The Cup-Marked Stones of Stithians

Something is hiding beneath the waters of Stithians Lake. And at certain times of the year, when the level drops low enough, these wonderful artefacts, carved more than 4000 years old, reveal themselves. When Stithians Dam was completed in 1967 the shallow valley behind it was completely flooded. Nearly 300 acres of farmland and three […]

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The Trippet Stones

“These simple but powerful relics of the past will turn anyone into a romantic.” E. C. Axford, 1975 The moors are my escape. I find contentment there whatever the season, even on the wettest and wildest of days. A few days ago it was one of those sunny days when the fluffy white clouds seem […]

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Hangman’s Barrow, Crowan

Some place names can really create an atmosphere and evoke a feeling. They can be signpost to a place’s past. A waving flag that acknowledges some event or episode in our cultural history. Names are, after all given, given by us. And because of this for me Hangman’s Barrow near Crowan has its own particular […]

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The ruin of Old Kea Church

A while back I wrote a series of posts about ruined places. Ruined churches, cottages and farms. There is something endlessly interesting, something that sparks my imagination, about broken down, forgotten buildings. How they came to be there. How they once looked. Who touched their walls, walked their halls. How they fell into disrepair. Old […]

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The history of Carn Brea Castle

There are a handful of man-made landmarks in Cornwall that are unmistakable and unforgettable. Carn Brea Castle is one of these. A tiny fortress perched high on one of our most enigmatic hills it is pretty magical. Carn Brea Castle stands on the eastern summit of Carn Brea hill, one of the highest points in […]

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Copplestone Cross & his Packhorse Bridge, Porthcothan

One way or another we would all like to leave a legacy. For some people that might be their children. For me perhaps it will be my writing, and for my father, well, one of his legacies will be a large piece of granite. Whatever the case, I believe that most of us would like […]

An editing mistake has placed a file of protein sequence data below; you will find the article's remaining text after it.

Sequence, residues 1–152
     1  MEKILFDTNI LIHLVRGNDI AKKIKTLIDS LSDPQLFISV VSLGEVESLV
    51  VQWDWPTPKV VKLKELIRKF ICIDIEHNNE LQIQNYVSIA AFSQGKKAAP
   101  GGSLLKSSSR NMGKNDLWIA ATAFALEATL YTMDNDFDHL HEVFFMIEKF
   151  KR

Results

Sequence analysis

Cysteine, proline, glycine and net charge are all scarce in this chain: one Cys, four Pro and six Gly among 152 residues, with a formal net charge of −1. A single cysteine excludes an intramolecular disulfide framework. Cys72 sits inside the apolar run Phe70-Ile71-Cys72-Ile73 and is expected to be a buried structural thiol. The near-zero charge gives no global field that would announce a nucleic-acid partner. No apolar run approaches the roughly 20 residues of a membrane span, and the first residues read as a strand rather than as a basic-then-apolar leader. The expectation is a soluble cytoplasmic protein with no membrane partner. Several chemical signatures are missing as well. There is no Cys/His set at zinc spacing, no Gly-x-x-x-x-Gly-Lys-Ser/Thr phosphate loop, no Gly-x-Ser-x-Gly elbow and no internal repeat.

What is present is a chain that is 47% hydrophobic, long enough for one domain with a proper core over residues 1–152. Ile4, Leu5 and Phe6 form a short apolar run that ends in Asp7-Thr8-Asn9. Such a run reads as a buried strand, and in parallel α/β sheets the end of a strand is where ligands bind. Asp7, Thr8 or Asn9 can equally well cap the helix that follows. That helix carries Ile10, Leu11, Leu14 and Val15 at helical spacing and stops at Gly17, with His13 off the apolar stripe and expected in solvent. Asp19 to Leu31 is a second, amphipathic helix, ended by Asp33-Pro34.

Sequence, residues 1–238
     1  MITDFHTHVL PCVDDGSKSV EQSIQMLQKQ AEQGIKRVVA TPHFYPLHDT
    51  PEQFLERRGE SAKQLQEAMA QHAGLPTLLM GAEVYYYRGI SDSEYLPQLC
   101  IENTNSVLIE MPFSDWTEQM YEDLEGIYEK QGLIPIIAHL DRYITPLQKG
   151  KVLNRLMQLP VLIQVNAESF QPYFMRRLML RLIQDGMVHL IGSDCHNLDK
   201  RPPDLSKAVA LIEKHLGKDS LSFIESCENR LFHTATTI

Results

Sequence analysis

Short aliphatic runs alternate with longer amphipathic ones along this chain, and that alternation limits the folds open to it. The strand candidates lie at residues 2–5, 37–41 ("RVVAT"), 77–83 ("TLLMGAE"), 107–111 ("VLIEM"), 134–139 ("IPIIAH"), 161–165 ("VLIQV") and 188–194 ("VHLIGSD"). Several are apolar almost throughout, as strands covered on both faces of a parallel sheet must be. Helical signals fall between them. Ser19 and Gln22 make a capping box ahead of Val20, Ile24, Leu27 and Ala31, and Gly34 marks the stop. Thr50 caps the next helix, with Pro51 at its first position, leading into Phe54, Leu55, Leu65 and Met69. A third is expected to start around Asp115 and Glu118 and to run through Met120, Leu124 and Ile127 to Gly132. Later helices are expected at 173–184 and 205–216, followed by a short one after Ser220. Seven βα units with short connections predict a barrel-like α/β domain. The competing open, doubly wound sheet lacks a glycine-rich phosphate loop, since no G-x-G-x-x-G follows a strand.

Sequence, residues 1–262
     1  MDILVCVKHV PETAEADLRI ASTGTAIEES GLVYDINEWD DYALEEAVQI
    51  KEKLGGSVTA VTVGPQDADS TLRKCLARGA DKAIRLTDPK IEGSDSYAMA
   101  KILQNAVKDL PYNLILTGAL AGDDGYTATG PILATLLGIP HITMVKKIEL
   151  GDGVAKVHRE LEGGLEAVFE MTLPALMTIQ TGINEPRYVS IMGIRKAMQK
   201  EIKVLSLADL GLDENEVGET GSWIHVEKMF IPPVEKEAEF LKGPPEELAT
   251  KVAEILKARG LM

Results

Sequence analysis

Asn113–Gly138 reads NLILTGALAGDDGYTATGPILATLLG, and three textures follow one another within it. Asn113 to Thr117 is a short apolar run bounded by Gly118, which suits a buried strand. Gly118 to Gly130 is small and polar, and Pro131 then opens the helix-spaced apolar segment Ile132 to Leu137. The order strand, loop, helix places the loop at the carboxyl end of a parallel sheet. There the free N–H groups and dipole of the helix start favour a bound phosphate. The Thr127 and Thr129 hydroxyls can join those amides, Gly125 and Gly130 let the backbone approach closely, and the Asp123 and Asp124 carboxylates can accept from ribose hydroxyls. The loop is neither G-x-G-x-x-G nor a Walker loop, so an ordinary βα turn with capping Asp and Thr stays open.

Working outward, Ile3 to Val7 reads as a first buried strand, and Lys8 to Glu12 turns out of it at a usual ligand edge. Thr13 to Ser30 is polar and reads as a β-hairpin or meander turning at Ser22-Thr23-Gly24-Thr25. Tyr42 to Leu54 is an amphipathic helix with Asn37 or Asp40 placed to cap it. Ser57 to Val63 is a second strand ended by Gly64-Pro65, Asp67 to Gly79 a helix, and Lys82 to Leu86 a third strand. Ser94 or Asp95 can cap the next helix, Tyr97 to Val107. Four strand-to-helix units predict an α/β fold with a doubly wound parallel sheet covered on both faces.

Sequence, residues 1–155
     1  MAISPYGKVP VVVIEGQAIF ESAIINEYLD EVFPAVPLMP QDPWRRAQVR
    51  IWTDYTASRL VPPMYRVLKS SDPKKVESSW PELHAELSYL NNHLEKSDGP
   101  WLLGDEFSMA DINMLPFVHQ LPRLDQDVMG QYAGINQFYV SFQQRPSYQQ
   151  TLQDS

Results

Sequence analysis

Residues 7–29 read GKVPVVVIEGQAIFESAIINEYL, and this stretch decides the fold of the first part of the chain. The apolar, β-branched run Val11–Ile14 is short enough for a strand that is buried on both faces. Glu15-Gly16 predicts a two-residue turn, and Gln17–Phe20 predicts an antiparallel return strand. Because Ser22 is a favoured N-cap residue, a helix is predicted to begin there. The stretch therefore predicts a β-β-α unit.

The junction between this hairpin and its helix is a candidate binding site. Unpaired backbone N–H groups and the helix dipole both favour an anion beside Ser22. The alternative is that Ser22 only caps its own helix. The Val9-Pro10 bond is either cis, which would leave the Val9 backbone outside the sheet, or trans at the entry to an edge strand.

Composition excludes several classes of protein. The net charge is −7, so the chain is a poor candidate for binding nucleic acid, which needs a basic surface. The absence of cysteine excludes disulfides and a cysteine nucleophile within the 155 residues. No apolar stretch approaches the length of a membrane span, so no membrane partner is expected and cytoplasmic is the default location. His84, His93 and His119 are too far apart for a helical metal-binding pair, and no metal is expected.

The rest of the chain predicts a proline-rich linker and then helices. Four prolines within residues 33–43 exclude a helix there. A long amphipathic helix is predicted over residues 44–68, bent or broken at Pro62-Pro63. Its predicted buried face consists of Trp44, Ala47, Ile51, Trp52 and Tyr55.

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Cavalla Bianca – an unusual wreck in Penzance

We are very used to hearing about the Cornish taking advantage of bounty brought to its shores by the ferocious sea. Tales of crowds of the opportunistic, greedy, and probably at times desperate, inhabitants swarming over a beached vessel and plundering all they can. Stripping a ship, and sometimes its crew bare, before the arrival […]

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The Mawgan Cross – an Inscribed Stone in Meneage

At one time the area now known as Goonhilly Downs, and indeed most of the Lizard, was called the Meneage. How exactly the area came by this name is the subject of some debate. Folliott-Stokes writes in 1928: In olden days it [the Lizard] was called Meneage from the Cornish word ‘maenic’ (rocky) though certain […]

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The Trenear Mortar Stone – Treasure in a car park!

We already know that Cornwall is pretty special. The sublime scenery, the temperate climate, the precious wildlife . . . the pasties. But in the Bronze Age it was something else that drove the economy. The tin and cooper found close to the surface and running through the veins of Cornwall’s bedrock. And the unique […]

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The Lizard Windmill & the notorious Windmill Gang

In many ways the communities on the Lizard are the most isolated in Cornwall. As wild and as sparsely populated as Bodmin Moor the peninsula has an added sense of otherness and seclusion that comes perhaps from being encircled by the untamed sea. In the early 19th century the Lizard was notorious for its lawlessness. […]

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